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Ciclesonide Aerosol

Ciclesonide Aerosol

Category :

Pharmaceuticals and Biochemicals

Molecular Formula :
Main Specifications :
Synonyms :
Ciclesonide Aerosol
Product description:

Cilclesonide  Aerosol
actuation (delivered dose from the mouthpiece) contains 80 micrograms of ciclesonide. .
Pressurised inhalation, solution
Clear and colourless
4.1 Therapeutic indications
Treatment to control persistent asthma in adults and adolescents (12 years and older).
4.2 Posology and method of administration
The medicinal product is for inhalation use only.
Dosing recommendation for adults and adolescents:
The recommended dose of Alvesco is 160 micrograms once daily, which leads to asthma control in the majority of patients. However in severe asthmatics, a 12 week study has shown that a dose of 640 micrograms/day (given 320 micrograms twice daily) has demonstrated a reduction in the frequency of exacerbations but without an improvement in lung function (see section 5.1). Dose reduction to 80 micrograms once daily may be an effective maintenance dose for some patients.
Alvesco should preferably be administered in the evening although morning dosing of Alvesco has also been shown to be effective. The final decision on evening or morning dosing should be left to the discretion of the physician.
Symptoms start to improve with Alvesco within 24 hours of treatment. Once control is achieved, the dose of Alvesco should be individualised and titrated to
the minimum dose needed to maintain good asthma control.
Patients with severe asthma are at risk of acute attacks and should have regular assessments of their asthma control including pulmonary function tests. Increasing use of short-acting bronchodilators to relieve asthma symptoms indicates deterioration of asthma control. If patients find that short-acting relief bronchodilator treatment becomes less effective, or they need more inhalations than usual, medical attention must be sought. In this situation, patients should be reassessed and consideration given to the need for increased anti-inflammatory treatment therapy (e.g. a higher dose of Alvesco for a short period [see section 5.1] or a course of oral corticosteroids). Severe asthma exacerbations should be managed the usual way.
To address specific patient needs, such as finding it difficult to press the inhaler and breathe in at the same time, Alvesco can be used with the AeroChamber Plus spacer device.
Specific patient groups:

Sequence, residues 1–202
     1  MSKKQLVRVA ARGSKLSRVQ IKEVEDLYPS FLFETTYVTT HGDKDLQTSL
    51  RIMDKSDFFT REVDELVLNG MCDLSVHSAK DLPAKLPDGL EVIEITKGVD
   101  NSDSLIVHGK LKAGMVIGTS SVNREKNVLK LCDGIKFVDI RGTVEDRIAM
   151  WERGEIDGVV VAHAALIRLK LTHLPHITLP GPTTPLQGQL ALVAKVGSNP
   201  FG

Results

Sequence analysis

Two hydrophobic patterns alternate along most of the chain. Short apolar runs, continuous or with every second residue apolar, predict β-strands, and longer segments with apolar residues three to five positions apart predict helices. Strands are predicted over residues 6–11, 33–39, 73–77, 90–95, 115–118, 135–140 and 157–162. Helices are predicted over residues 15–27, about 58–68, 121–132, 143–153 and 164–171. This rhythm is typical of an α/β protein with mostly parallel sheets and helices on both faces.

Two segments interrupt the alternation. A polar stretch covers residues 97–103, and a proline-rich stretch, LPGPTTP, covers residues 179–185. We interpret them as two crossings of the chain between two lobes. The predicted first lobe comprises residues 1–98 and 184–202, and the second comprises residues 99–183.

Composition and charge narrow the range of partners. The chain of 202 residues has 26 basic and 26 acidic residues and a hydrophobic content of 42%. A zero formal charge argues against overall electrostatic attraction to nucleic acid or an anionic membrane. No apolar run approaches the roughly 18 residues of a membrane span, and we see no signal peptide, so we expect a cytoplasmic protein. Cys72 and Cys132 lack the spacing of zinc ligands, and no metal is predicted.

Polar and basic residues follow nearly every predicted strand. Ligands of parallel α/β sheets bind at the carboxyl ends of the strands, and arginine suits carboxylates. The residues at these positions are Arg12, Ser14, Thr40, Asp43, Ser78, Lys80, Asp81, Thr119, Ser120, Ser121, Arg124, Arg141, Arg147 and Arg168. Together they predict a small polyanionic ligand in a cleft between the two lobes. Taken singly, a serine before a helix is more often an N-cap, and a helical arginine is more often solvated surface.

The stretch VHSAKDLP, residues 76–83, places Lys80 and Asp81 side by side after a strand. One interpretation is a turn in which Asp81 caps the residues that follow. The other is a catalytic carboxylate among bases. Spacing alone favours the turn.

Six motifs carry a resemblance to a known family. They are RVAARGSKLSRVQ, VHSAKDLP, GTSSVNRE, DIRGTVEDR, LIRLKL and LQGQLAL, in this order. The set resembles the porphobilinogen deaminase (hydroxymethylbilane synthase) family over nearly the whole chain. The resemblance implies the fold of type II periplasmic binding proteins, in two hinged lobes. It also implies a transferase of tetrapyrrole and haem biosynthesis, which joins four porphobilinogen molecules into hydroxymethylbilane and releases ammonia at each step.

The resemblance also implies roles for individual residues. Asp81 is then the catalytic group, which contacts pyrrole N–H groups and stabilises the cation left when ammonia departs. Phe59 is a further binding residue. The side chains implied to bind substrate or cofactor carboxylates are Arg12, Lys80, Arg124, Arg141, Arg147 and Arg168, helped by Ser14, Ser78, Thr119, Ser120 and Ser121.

There is no need to adjust the dose in elderly patients or those with hepatic or renal impairment.
To date, there are insufficient data available in the treatment of children under 12 years of age with ciclesonide.
Instructions for use / handling:
The patient needs to be instructed how to use the inhaler correctly.
If the inhaler is new or has not been used for one week or more, three puffs should be released into the air. No shaking is necessary as this is a solution aerosol.
During inhalation, the patient should preferably sit or stand, and the inhaler should be held upright with the thumb on the base, below the mouthpiece.
Instruct the patient to remove the mouthpiece cover, place the inhaler into their mouth, close their lips around the mouthpiece, and breathe in slowly and deeply. While breathing in through the mouth, the top of the inhaler should be pressed down. Then, patients should remove the inhaler from their mouth, and hold their breath for about 10 seconds, or as long as is comfortable. The patient is not to breathe out into the inhaler. Finally, patients should breathe out slowly and replace the mouthpiece cover.
The mouthpiece should be cleaned with a dry tissue or cloth weekly. The inhaler should not be washed or put in water.
For detailed instructions see Patient Information Leaflet.
4.3 Contraindications
Hypersensitivity to ciclesonide or any of the excipients.
4.4 Interaction with other medicinal products and other forms of interaction
In vitro data indicate that CYP3A4 is the major enzyme involved in the metabolism of the active metabolite of ciclesonide M1 in man.
In a drug-drug interaction study at steady state with ciclesonide and ketoconazole as a potent CYP3A4 inhibitor, the exposure to the active metabolite M1 increased approximately 3.5fold, whereas the exposure to ciclesonide was not affected. Therefore the concomitant administration of potent inhibitors of CYP 3A4 (e.g. ketoconazole, itraconazole and ritonavir or nelfinavir) should be avoided unless the benefit outweighs the increased risk of systemic side effects of corticosteroids
4.5 Pregnancy and lactation
There are no adequate and well-controlled studies in pregnant women.
In animal studies glucocorticoids have been shown to induce malformations (see section 5.3). This is not likely to be relevant for humans given recommended inhalation doses.
As with other glucocorticoids, ciclesonide should only be used during pregnancy if the potential benefit to the mother justifies the potential risk to the fetus. The lowest effective dose of ciclesonide needed to maintain adequate asthma control should be used.
Infants born of mothers who received corticosteroids during pregnancy are to be observed carefully for hypoadrenalism.
It is unknown whether inhaled ciclesonide is excreted in human breast milk. Administration of ciclesonide to women who are breast-feeding should only be considered if the expected benefit to the mother is greater than any possible risk to the child.
4.6 Effects on ability to drive and use machines
Inhaled ciclesonide has no or negligible influence on the ability to drive and use machines.
Inhalation by healthy volunteers of a single dose of 2880 micrograms of ciclesonide was well tolerated.
The potential for acute toxic effects following overdose of inhaled ciclesonide is low. After acute overdosage no specific treatment is necessary.
After prolonged administration of 1280 micrograms of ciclesonide, no clinical signs of adrenal suppression were observed. However, if higher than recommended dosage is continued over prolonged periods, some degree of adrenal suppression cannot be excluded. Monitoring of adrenal reserve may be necessary.
5.1 Pharmacodynamic properties
Pharmacotherapeutic group: Other drugs for obstructive airway diseases, Inhalants, Glucocorticoids, ATC Code: R03B A08
Ciclesonide exhibits low binding affinity to the glucocorticoid-receptor. Once orally inhaled, ciclesonide is enzymatically converted in the lungs to the principal metabolite (C21-des-methylpropionyl-ciclesonide) which has a pronounced anti-inflammatory activity and is thus considered as the active metabolite.